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a reply to: rickymouse

So the new engines put out less CO2 and more contrails.
High bypass engines are more likely to produce contrails but persistence of contrails is determined by the humidity level. So, you may see a plane with older engines flying next to one with new engines and only the new engines will produce contrails if the conditions are marginal for contrail production. But those contrails will not persist.

But, if conditions are conducive to persistent contrails, they are not marginal. Under these conditions both aircraft will produce contrails and both will persist. We see more persistent contrails because there are more planes flying.
edit on 5/28/2014 by Phage because: (no reason given)



posted on May, 29 2014 @ 03:35 AM
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a reply to: rickymouse

Regarding this part of that article;



The researchers believe that while continuing to reduce CO2 emissions in aviation, more work needs to be done to reduce contrails as well. This reduction of contrails could present an immediate effect on global warming. Solutions for this could include such things as creating flight plans at lower altitudes and the development of new airplane engines which would either reduce the water vapor released or immediately condense the water into ice that would drop to the ground below.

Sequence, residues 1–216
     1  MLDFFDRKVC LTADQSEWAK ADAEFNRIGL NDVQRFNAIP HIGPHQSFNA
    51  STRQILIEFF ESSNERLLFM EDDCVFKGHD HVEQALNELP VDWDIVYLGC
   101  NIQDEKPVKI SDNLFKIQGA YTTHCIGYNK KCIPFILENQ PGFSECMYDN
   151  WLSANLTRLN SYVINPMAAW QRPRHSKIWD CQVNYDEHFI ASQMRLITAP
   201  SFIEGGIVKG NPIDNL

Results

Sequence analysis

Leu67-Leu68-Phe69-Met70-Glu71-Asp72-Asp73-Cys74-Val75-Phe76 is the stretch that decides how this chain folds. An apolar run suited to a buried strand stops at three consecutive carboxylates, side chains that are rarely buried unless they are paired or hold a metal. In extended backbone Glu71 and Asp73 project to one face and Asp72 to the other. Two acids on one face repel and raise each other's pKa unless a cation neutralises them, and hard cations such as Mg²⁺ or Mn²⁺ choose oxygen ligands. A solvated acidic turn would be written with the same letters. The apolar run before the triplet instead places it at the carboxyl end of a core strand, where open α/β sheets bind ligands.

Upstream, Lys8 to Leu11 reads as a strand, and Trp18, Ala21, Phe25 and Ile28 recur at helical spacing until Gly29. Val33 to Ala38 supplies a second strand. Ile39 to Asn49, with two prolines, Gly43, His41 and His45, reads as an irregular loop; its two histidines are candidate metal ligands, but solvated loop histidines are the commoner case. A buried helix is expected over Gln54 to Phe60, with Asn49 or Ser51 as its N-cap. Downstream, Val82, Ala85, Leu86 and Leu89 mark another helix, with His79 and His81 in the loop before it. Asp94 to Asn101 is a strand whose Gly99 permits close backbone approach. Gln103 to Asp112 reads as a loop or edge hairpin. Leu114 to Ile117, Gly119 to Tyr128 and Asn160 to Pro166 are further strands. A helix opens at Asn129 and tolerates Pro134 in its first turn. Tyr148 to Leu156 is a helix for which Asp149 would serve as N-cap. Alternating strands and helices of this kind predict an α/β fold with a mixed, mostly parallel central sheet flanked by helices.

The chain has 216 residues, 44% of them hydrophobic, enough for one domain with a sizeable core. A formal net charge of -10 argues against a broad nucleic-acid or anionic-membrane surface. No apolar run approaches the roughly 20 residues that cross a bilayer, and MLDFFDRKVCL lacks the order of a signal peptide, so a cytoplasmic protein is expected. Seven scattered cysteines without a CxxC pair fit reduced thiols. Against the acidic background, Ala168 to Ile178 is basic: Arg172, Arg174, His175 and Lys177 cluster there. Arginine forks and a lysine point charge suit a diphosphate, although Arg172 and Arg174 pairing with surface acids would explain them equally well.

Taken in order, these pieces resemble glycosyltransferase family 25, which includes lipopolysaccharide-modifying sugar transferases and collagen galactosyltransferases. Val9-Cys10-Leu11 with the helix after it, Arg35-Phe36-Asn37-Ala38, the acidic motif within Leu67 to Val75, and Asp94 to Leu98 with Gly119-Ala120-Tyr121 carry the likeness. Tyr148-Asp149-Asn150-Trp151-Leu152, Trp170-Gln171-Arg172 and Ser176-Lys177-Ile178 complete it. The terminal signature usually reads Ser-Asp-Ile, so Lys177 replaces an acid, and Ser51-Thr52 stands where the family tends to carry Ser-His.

Planes fly at altitudes where contrails can result because that is where they can fly most efficiently, using the least amount of fuel and, as per my previous post, minimising cost and maximising profit. No operator is going to choose to increase its costs just to make the sky look bluer. The pollutants emitted from jet exhaust will also be increased the more fuel is burned, so what's the trade off? No contrails and blue skies for higher levels of invisible pollution? Is that really better?

Also, how is the last part to be achieved when contrails are already ice?

Regarding an earlier post you made too. Aviation is not subsidised, fuel is already taxed so you are calling for something that is already the norm.
edit on 29-5-2014 by waynos because: (no reason given)



posted on May, 30 2014 @ 02:26 PM
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a reply to: tsurfer2000h

That was the point of my post, but obviously the logic was lost on more than a few. My point being, there are plenty of reasons for aluminum being in the atmospheric moisture other than chem-trails.

As other posters have pointed out aluminum has been present in the moisture since first measured at almost a consistent level. Any increase can be attributed to it's natural source, or the fact as I stated Aircraft parts naturally release aluminum dusts/particulate in their normal function with absolutely no ill intent or correlation to this chem-trail nonsense.



posted on May, 30 2014 @ 06:18 PM
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a reply to: Hijinx




That was the point of my post, but obviously the logic was lost on more than a few. My point being, there are plenty of reasons for aluminum being in the atmospheric moisture other than chem-trails.


I know that, and my post was more of a rhetorical question more than anything as I know why aluminum will be found in the atmosphere.

And I know it can't come from chemtrails as they as far as I know do not exist.